Think Like a Politician, Act Like a Parent


By David Wakerley
David Wakerley is a kids pastor and the creative director of Hillsong Kids for Hillsong Church in Sydney, Australia. He’s the creator of the exciting BIG children’s ministry curriculum. David and his wife, Beci, also help produce Hillsong Kids Praise and Worship albums. They have three children.

In February 2001 I arrived at Bible college as a newly married 22-year-old, not even aware children's ministry existed. That quickly changed, as I soon got the opportunity to serve the kids of our church. Suddenly, I realized a world of ministry was opening up to me, and the joy of serving children got hold of my soul. Soon it became abundantly clear to me that discipleship is one of the biggest needs we should be grappling with as children’s ministry leaders.

So I devoured whatever opinions and thoughts on the matter I could find. Today, many years later, I find myself still asking the question, "How do you disciple a child in order to see him follow Jesus for the rest of his life?"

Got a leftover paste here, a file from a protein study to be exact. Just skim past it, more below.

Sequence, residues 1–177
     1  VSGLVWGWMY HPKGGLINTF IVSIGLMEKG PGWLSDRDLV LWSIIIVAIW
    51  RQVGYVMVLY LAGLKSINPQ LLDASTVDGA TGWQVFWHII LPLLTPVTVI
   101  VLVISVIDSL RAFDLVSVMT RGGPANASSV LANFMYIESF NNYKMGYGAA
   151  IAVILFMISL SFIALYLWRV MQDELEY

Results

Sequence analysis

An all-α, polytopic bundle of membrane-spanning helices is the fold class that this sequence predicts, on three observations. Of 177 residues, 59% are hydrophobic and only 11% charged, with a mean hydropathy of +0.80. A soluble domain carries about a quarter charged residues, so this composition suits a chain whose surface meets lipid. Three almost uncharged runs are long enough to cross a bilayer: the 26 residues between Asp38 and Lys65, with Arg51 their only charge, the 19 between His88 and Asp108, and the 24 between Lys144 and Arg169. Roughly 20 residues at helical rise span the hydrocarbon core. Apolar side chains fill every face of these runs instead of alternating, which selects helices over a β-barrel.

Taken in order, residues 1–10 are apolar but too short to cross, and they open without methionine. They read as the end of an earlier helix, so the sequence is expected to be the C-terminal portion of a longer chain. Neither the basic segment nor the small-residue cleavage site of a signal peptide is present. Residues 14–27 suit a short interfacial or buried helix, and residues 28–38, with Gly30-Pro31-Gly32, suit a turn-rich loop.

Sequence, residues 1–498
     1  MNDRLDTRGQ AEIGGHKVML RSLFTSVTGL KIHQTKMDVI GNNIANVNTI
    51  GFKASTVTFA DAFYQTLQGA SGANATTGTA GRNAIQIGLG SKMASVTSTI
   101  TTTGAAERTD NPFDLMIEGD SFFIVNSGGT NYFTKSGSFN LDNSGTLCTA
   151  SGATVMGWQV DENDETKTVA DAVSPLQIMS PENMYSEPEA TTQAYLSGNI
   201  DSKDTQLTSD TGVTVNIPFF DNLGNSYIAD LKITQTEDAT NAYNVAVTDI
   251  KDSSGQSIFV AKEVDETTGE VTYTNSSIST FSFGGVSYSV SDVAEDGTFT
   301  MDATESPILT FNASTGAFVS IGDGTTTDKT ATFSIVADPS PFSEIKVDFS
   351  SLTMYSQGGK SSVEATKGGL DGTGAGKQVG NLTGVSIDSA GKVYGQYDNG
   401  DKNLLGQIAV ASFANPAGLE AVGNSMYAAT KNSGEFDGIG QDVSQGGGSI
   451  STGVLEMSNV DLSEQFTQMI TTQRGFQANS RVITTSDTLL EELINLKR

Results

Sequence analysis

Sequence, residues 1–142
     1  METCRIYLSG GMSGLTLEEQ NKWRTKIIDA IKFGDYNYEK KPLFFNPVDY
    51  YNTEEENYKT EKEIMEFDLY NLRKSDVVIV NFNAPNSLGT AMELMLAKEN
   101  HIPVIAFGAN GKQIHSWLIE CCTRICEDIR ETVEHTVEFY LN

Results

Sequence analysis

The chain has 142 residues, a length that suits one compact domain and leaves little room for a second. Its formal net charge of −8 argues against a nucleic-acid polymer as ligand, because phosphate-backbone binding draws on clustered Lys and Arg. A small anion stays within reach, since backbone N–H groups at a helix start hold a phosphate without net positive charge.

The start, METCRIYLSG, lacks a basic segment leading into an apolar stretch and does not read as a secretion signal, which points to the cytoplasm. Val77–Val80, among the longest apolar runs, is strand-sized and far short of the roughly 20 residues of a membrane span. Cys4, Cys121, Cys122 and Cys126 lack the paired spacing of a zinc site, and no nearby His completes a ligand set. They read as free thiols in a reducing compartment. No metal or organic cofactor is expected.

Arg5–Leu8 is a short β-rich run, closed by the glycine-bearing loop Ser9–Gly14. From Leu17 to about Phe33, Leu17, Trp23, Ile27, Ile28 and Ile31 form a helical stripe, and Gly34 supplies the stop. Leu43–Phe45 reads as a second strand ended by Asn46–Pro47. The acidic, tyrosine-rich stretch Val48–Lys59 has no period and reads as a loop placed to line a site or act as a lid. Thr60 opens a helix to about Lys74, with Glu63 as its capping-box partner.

I've found myself wishing that the Bible contained a few more how-to chapters. But that's not going to happen. And I'm OK with that. I think we can agree that the Bible isn't what's keeping us from instilling a passion for God in kids.

I am aware of ministries that view themselves as Christian Education Departments that run the Sunday schools or similar programs each week. They're clearly influenced by the philosophy that their job is all about imparting information. But is information really all we need for growth and discipleship? No. Before you or I can get behind an idea, we need to see the vision and understand the purpose behind the idea. 

Don't think that kids are any different from us. They too must see the vision and understand the purpose. Because in their hearts they will ask: Why do I need to hear about Jesus? Why should I pray, read my Bible, or go to church? Your passion should be palpable as you communicate to your kids. The air should crackle with urgency as you cast the vision before them of a life with Christ.